Copyright and Moral Rights

Copyright is a form of intellectual property which aims to protect the form of expression of ideas rather than the idea itself.  It protects “original” works and safeguards the interest in them for their authors and artists.  In short copyright protects an author’s or artist’s independent creative effort to arrive at the final work. 

Examples of works which may be protected by copyright include original literary, dramatic, musical or artistic works as well as sound recordings, films, broadcasts or typographical arrangements of published editions.

Copyright protection arises automatically if all necessary requirements are met.  If they are then copyright protection acts to prevent certain infringing acts such as, for instance:

  •  unauthorised copying of the work(s);
  • Unauthorised distribution of the work(s) to the public;
  • Performing or playing the work(s) before the public; or
  • Making an adaptation the work(s).

The above is not an exhaustive list.  When confronted with such an issue it can be difficult to know what your rights are, if / when they are infringed upon and what can be done to enforce them.  It can also distressing to see someone take advantage of copyright protected works that are the product of considerable time and effort but the prospect of taking action to protect those rights can be both daunting and demoralising.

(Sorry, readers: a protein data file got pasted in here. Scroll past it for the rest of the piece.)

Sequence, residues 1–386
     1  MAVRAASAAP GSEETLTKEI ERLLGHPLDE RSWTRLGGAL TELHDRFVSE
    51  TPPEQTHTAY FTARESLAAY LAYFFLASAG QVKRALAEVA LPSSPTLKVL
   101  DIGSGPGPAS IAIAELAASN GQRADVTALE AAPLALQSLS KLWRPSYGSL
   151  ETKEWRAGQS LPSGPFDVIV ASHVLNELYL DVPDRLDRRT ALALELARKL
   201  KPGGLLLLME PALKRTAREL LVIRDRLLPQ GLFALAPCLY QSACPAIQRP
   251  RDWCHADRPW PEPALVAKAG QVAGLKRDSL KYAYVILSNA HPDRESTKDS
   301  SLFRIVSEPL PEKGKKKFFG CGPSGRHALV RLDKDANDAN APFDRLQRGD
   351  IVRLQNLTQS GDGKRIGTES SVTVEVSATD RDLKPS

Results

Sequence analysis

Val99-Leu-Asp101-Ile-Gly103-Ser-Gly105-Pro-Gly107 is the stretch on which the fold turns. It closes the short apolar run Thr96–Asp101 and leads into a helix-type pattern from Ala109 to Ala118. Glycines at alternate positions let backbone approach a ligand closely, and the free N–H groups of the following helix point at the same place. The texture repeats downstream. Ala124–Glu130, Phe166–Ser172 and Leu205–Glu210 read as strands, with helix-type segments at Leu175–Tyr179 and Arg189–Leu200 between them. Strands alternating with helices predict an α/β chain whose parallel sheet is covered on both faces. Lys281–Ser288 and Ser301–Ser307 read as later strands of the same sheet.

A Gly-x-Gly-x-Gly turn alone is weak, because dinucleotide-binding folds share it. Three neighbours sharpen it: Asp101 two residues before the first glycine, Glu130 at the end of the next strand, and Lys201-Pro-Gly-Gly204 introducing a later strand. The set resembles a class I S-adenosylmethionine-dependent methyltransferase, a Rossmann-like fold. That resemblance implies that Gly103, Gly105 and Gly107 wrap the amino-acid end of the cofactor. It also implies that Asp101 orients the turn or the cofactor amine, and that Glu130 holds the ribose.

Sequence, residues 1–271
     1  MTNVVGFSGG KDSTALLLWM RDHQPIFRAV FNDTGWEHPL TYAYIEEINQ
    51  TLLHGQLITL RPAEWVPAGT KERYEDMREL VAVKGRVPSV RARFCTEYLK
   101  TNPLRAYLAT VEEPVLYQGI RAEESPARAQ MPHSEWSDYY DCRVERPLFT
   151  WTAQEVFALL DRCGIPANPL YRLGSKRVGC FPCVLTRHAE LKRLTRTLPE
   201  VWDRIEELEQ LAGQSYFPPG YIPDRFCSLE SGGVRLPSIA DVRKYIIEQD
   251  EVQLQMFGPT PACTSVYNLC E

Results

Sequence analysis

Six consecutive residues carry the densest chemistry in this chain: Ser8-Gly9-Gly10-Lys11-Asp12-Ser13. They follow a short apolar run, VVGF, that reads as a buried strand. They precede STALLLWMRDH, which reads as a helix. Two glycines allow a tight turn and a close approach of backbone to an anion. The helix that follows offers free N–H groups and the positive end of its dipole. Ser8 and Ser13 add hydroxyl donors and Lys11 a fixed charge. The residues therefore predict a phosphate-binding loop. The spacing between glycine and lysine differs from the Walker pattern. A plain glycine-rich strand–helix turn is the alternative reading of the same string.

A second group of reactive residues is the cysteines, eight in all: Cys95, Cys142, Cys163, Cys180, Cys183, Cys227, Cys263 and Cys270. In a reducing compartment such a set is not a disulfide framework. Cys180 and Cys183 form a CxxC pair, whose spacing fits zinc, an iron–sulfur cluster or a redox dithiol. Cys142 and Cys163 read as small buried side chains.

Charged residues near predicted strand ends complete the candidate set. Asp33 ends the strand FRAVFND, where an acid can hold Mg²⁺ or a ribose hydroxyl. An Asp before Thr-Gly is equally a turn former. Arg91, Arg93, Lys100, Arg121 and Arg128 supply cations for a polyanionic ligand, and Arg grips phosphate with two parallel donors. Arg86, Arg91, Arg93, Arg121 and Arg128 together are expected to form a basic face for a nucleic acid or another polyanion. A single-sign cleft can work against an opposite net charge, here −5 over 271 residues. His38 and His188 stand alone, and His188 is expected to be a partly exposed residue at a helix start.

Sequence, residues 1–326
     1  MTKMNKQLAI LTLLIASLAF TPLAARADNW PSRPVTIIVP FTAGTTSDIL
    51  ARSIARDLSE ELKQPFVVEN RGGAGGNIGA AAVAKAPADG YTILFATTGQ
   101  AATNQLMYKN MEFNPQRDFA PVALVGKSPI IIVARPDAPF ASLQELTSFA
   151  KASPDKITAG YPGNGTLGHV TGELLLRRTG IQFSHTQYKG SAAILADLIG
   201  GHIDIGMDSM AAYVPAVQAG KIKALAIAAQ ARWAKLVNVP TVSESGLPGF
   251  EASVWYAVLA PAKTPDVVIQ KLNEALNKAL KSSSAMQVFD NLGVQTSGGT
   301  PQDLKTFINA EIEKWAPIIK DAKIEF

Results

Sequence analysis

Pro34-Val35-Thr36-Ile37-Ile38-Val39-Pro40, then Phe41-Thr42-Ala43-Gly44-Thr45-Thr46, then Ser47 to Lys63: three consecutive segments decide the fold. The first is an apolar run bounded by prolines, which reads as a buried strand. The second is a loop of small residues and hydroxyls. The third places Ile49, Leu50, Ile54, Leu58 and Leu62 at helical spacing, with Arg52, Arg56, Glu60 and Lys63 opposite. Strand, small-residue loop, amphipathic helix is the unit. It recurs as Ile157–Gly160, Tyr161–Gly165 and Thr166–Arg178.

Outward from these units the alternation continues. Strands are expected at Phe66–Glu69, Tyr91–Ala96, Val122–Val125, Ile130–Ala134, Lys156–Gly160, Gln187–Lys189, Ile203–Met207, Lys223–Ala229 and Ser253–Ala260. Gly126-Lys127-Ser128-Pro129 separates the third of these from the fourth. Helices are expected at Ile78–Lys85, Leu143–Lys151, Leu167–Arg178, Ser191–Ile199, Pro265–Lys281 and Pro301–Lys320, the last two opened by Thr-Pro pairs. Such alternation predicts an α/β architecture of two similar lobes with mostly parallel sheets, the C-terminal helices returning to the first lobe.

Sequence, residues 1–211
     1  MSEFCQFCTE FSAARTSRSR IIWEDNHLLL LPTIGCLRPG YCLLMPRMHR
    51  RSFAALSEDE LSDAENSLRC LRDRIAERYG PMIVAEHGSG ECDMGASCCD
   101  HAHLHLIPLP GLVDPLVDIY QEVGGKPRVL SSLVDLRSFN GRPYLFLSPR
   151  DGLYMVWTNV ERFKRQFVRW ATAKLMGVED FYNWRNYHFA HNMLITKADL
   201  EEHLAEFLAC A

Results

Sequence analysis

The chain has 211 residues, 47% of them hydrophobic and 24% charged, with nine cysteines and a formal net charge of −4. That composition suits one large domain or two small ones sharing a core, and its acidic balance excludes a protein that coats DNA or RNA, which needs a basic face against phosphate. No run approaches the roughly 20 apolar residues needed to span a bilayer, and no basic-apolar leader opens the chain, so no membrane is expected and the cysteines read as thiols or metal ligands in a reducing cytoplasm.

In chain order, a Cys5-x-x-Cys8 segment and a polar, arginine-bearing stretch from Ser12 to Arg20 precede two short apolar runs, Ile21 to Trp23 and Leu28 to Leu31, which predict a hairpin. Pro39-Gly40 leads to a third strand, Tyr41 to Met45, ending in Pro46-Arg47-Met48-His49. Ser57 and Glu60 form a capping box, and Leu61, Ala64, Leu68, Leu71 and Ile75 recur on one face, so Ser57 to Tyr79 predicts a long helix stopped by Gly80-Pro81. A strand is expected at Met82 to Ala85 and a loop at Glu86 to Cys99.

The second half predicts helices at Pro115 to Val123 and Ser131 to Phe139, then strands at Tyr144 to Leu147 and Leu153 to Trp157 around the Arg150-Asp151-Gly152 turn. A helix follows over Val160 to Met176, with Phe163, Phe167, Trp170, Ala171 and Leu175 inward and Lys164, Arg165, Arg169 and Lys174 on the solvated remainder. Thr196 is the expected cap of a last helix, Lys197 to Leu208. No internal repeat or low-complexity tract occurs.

Moral Rights

Moral rights relate to works which benefit from copyright protection. They are personal rights designed and targeted at recognising the author’s interest in any use of works that they have created. Moral rights are personal rights and not proprietary rights, and they only apply to literary, dramatic, musical or artistic works. They include the right to be identified as the author or director of a copyrighted work, the right to object to derogatory treatment of the work and the right to privacy regarding photographs.

Crucially, moral rights are personal to the author or artist. They can, therefore, be waived but not assigned. As such, it is common for waiver clauses to appear in certain contractual documents such as contracts of employment.

How can we help you?

Whether you are a business, sole trader or an individual, and believe you have rights or that your rights are being infringed upon, Nockolds’ Dispute Resolution Team are here to assist. Our lawyers have experience in such contentious matters and can advise you on your options regarding the copyright work and any infringement in respect of it.

Please contact our team on 0345 646 0406 or fill in our online enquiry form and a member of our team will be in touch.